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Understanding and Practicing Emptiness

In terms of the evolution of Buddhist-inspired contemplative psychology, there have been three key empirical phases during the last 40 years. The first phase commenced in the early 1980s and involved exploring the construct and applications of mindfulness along with related attentional processes. This was followed at the turn of the twenty-first century by a second phase of research into Buddhist techniques concerned with socio-empathetic and ethical awareness, such as loving-kindness meditation and compassion meditation. However, during approximately the last 7 years, a third phase of contemplative psychology research has emerged, concerned with empirical investigation into the characteristics and applications of Buddhist wisdom practices.

This phasic evolution of scientific investigation is consistent with the traditional Buddhist “three trainings” (Sanskrit: triśikṣā) principle, which classifies contemplative techniques into those primarily concerned with wisdom, ethics, or meditation. For example, in the core Buddhist teaching of the Noble Eightfold Path, the practices of (i) right view and right intention correspond to wisdom; (ii) right speech, right action, and right livelihood correspond to ethics; and (iii) right effort, right mindfulness, and right meditation correspond to meditation. In some Buddhist systems, the three trainings principle is sometimes contextualized as view (i.e., wisdom), action (i.e., ethics), and meditation.

If a path of contemplative practice is to be considered effective and complete, all three elements of the three trainings principle must be present and correctly applied. This is because in order to elicit wisdom as to the ultimate nature of phenomena and reality, meditative focus and stability are required. But to be able to meditate effectively, ethical and socio-empathic awareness are necessary, as this helps to prevent the mind from becoming distracted, agitated, or anxious.

What is Emptiness?

The wisdom component of the three trainings principle encompasses practices and constructs that help to undermine suffering through cultivating insight into the true manner in which we and all things exist. In this regard, ancient contemplative notions such as emptiness, non-self, non-duality, non-attachment, impermanence, interdependence, and interconnectedness are particularly important. However, of all these wisdom principles, the most important is arguably emptiness.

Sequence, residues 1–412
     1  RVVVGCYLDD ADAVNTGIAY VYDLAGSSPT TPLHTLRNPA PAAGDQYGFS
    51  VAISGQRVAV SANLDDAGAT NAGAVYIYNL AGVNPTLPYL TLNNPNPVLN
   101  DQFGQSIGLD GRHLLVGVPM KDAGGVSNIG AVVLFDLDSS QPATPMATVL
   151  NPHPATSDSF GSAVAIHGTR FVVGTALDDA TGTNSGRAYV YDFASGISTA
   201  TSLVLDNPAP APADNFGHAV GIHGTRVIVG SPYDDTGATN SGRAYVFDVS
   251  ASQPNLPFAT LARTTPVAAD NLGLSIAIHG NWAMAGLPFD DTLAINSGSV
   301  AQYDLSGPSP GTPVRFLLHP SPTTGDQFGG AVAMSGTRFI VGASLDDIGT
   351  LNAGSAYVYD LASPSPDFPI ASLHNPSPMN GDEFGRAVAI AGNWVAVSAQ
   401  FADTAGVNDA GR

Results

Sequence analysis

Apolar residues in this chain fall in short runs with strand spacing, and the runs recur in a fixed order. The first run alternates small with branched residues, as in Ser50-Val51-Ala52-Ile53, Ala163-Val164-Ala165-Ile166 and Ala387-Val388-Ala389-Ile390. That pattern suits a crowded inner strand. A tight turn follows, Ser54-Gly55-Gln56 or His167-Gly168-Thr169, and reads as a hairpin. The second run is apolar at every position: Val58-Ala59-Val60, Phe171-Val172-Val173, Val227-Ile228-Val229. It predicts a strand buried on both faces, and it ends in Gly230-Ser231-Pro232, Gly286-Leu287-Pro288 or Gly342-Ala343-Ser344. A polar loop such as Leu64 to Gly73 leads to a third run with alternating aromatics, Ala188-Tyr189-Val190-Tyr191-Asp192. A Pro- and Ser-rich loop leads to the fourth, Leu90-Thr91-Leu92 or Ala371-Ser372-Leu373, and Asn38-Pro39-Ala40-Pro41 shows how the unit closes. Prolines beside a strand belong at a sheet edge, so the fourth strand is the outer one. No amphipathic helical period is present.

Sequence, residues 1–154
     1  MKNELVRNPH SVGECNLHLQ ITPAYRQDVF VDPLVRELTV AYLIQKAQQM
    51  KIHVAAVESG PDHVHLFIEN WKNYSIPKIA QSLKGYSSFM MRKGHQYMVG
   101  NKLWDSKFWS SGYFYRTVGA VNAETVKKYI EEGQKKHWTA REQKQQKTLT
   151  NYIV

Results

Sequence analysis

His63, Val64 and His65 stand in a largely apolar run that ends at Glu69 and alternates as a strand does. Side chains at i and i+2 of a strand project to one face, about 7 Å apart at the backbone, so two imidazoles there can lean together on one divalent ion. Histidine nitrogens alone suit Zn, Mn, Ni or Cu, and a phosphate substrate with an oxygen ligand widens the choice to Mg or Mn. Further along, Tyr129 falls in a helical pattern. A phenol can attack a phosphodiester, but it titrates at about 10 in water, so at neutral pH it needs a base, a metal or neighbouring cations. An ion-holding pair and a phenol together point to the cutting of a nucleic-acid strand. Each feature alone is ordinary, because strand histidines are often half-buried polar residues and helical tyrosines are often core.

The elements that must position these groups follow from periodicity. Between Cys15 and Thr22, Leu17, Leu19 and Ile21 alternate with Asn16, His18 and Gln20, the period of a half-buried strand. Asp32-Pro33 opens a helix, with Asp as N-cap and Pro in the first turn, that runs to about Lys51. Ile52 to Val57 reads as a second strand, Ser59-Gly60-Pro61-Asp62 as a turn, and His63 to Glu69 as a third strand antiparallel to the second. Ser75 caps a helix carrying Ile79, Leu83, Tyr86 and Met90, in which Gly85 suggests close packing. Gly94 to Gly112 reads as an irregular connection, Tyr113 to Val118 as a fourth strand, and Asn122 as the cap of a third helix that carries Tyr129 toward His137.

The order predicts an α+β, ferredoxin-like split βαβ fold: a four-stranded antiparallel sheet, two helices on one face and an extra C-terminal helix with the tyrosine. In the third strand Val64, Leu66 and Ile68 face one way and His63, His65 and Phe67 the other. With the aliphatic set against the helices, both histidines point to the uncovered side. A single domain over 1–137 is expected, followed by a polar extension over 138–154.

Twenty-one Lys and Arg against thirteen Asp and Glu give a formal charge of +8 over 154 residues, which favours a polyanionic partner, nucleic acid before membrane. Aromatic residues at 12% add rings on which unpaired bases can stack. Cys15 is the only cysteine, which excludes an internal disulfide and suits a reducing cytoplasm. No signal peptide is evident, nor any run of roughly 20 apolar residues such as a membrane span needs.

Emptiness (Sanskrit: śūnyatā) implies that although phenomena are perceptible to the human mind, they do not intrinsically exist. This is not the same as saying that they do not exist at all, but rather that they exist only in a relative manner. In other words, a key principle of emptiness is that apart from a categorical label, something constituting the self of a given entity, including humans, can never be located in time or space. This contrasts with the prevailing Western psychological view whereby the self is typically deemed to be an independent, definitive and autonomous entity.

There are numerous metaphysical standpoints from which emptiness can be understood, but a useful means of comprehending the phenomenon is to apply the Buddhist principle of interconnectedness. For example, the human body is composed of, and exists in dependence upon, water (e.g., from rain and the ocean), air (e.g., from the wind), animals, plants, nutrients, the heat of the sun, etc. Thus, it can be said that the human body (or any other phenomenon) is “full” of all things but “empty” of a self that exists either inherently or independently.

Another way to think of emptiness is to consider how phenomena appear in a dream. Dreamt phenomena invariably appear real to the dreamer and it would thus be incorrect to assert they are devoid of existence. But apart from mind-made projections that exist relative to each other, it is not possible to assign a quality of inherent or absolute existence to anything that manifests in a dream. According to some contemplative adepts, waking reality might be thought of as a shared dream that appears real and adheres to physical rules, but that ultimately does not exist outside the realm of collective consciousness.

However, although it is possible to come to a limited understanding of emptiness using examples such as the above, to be understood fully emptiness needs to be experienced directly. And given that most people are habituated to perceiving reality in dualistic (i.e., self-other) terms, specialist contemplative training is invariably required to induce such a direct experience.

Benefits of Perceiving Emptiness